With the girlfriend out running errands, and the house to myself, I got to make as many loud noises as I wanted this morning.
First, I jumped back to the part in the directions where they have you enlarge the hole on the flange of the rudder bottom rib to 3/8″. I started with a #30, then #21, #12, 3/16″, 7/32″ and finally, 3/8″. (I may have also used a 5/32″ in there, too, I can’t remember. You can see it turned out pretty well. I didn’t take a picture every step, just a few so you get the idea.
Then I disassembled to check the hole clearance on the flange.
Next, time to fabricate R-917 (shim) per the plans. From other builders websites, I’ve gathered you are supposed to use the Trim Bundle, Emp.
To give you an idea of what is included, there are 4 pieces of .032″ on the left, 3 pieces of .016″ in the middle, and 3 pieces of .025″ on the right.
The plans call out .032″.
Of course, it’s 2024. You can see the callout on the plans in the lower right corner.
I transfered the dimensions…
Then, I made a rough pass with snips, and finished up on the scotchbrite wheel.
I centerpunched the two outer hole markings, and drilled one hole to #30 per the plans, and one to #40. My plan is to matchrill the #30 hole (top one in the following picture), cleco it down, and then enlarge (matchdrill) the #40 hole to a #30 once I have everything fitted correctly. Here, you can see the lower hole in the shim doesn’t line up perfectly.
Next, they have you lay in the Rudder horn (R-405PD), cleco, and matchdrill the 4 upper #30 holes (right side of the picture).
Next, they want you to round out the edge of R-405PD horn so it lays in nicely with the R-904 bottom rib. You can see here, it won’t work as is.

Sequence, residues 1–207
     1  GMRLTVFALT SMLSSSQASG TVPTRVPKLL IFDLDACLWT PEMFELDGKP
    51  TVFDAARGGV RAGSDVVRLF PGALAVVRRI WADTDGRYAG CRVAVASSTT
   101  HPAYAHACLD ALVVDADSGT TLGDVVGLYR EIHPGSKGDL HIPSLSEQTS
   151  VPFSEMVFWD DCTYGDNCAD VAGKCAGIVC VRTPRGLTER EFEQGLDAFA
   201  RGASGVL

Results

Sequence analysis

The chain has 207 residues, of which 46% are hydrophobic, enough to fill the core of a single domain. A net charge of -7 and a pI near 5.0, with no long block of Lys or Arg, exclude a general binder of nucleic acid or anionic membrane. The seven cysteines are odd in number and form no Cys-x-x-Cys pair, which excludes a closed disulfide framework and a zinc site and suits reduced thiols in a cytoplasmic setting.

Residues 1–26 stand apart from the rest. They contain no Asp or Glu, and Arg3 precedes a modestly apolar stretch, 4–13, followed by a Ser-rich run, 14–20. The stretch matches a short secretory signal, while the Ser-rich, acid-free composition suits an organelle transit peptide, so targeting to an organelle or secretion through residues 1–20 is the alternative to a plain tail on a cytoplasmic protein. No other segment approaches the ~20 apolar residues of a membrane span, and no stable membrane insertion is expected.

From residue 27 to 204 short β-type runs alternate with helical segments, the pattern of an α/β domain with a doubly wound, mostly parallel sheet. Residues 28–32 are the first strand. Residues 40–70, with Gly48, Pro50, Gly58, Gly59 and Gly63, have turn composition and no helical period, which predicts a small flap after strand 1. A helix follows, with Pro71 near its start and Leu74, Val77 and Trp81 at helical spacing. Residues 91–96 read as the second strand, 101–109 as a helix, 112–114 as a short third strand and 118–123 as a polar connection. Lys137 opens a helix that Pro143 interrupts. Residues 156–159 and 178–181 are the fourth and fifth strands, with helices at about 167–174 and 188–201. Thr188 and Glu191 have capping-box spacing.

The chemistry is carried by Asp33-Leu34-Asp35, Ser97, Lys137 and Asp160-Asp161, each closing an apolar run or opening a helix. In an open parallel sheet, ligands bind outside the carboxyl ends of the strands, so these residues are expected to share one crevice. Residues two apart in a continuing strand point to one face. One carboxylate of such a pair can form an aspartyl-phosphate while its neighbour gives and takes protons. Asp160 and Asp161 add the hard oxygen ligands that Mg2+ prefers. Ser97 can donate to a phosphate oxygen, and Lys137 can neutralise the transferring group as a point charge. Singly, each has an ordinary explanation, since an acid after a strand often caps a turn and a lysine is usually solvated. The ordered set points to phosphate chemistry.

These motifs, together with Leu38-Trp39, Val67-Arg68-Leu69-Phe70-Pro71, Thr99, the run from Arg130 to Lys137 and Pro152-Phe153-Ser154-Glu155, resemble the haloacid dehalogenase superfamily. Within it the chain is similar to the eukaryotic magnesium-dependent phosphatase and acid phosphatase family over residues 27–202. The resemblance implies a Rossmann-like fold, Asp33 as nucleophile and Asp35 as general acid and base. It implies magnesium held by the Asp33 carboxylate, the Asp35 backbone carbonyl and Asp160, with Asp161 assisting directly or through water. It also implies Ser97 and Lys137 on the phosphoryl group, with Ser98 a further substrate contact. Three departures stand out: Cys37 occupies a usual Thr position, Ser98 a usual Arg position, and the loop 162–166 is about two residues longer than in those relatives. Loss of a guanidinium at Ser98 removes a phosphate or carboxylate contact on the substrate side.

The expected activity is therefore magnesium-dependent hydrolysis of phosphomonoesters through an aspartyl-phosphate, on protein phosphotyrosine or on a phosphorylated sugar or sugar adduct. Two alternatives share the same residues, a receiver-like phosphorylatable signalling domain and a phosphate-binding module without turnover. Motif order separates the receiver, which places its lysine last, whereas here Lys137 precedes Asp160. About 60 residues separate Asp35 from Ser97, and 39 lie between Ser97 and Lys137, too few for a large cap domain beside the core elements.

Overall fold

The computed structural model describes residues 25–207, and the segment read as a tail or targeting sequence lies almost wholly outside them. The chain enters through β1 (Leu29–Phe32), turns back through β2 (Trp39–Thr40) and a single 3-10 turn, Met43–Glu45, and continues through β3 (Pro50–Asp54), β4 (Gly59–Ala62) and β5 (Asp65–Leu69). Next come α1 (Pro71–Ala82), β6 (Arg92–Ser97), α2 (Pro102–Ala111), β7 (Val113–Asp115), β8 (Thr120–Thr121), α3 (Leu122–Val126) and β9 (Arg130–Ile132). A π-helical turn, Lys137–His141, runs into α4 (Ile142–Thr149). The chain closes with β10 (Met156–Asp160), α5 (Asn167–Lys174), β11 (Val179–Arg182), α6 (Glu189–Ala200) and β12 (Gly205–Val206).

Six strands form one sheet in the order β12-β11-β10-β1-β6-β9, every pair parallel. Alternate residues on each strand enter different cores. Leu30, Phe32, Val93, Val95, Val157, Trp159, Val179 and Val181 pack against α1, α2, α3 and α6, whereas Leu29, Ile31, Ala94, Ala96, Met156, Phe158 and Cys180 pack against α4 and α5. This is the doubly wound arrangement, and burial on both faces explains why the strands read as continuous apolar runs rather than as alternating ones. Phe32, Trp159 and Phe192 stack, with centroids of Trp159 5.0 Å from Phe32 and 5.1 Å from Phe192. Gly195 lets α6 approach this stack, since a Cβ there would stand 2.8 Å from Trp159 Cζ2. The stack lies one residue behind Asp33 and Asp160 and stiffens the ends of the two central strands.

The scotchbrite wheel made quick work of this.
After clecoing everything back to the spar, I flipped it over and matchdrilled all of the remaining #30 holes through the reinforcement plate, spar, shim, and rudder horn.
Then, I loaded up the #40 bit and matdrilled all of the holes in the counterbalance skin. Pictures of matchrilling aren’t interesting, so I just took one once I was done.
THEN YOU GET TO CLECO ON THE SKIN! Wuhoo! Left side first…
Then flip the bad boy over…
And cleco on the right skin.
Then, slide in the trailing edge wedge.
Crap, I started clecoing it in backwards. This v shape is supposed to go forward, and the pointy end back.
Once I got it in the right direction, I took a step back to admire how much my rudder looks like a rudder. Then, I matchdrilled the remaining holes in the skin. There were a hole bunch, but I only took one picture at the end. Here you go.
Once that was done, I grabbed the rudder brace, and heeding some great advice from other builders, drew my cut line north of the guide holes.
And here’s the right side after the cut.
And the right side after cutting. You can see I stayed away from the line when using my snips. I’ll approach it carefully with the scotchbrite wheel.
After getting the brace close, I went through a couple fit and trim iterations before finally getting a good fit and getting the holes matchrilled.
With the brace complete, it was time to move on to the fairing attach strips. Here’s the piece they want you to use.
After trimming to 18 inches.
Then, I transferred the dimensions on the drawing to the two strips
Then, I used the snips, clamped the two pieces together, and took them over to the scotchbrite wheel for some cleanup.
To drill them on the rudder (without a lot of guidance from the manual), I clamped them in place (once I figured out where I wanted them, which appears to be up to you). I left about 1/16″ between the diagonal cutout on the strips and the back of the rudder brace.
Because I generally don’t like drilling into my own fingers, I use two clamps around two holes, drill those two, and put a cleco in the second hole.
Here’s the after shot for the right attach strip.
I repeated the process for the left side. You don’t need any pictures, do you? Fine. Here’s an after shot.
Finally, I found one rivet on the left skin that I wanted to drill out.
#40 dril, right down the middle.
Then, I flip the bit around (or grab the back of a spare bit), stick it in the hole and…
BEND THAT MOFO OUT!
After that, you are usually left with the shaft and shop head of the rivet stuck in the hole.
You can use a punch or drill bit to push it out the backside.
Great day today. No rivets set, and one drilled out, but a ton of productive loud noise time while the girlfriend was out doing errands.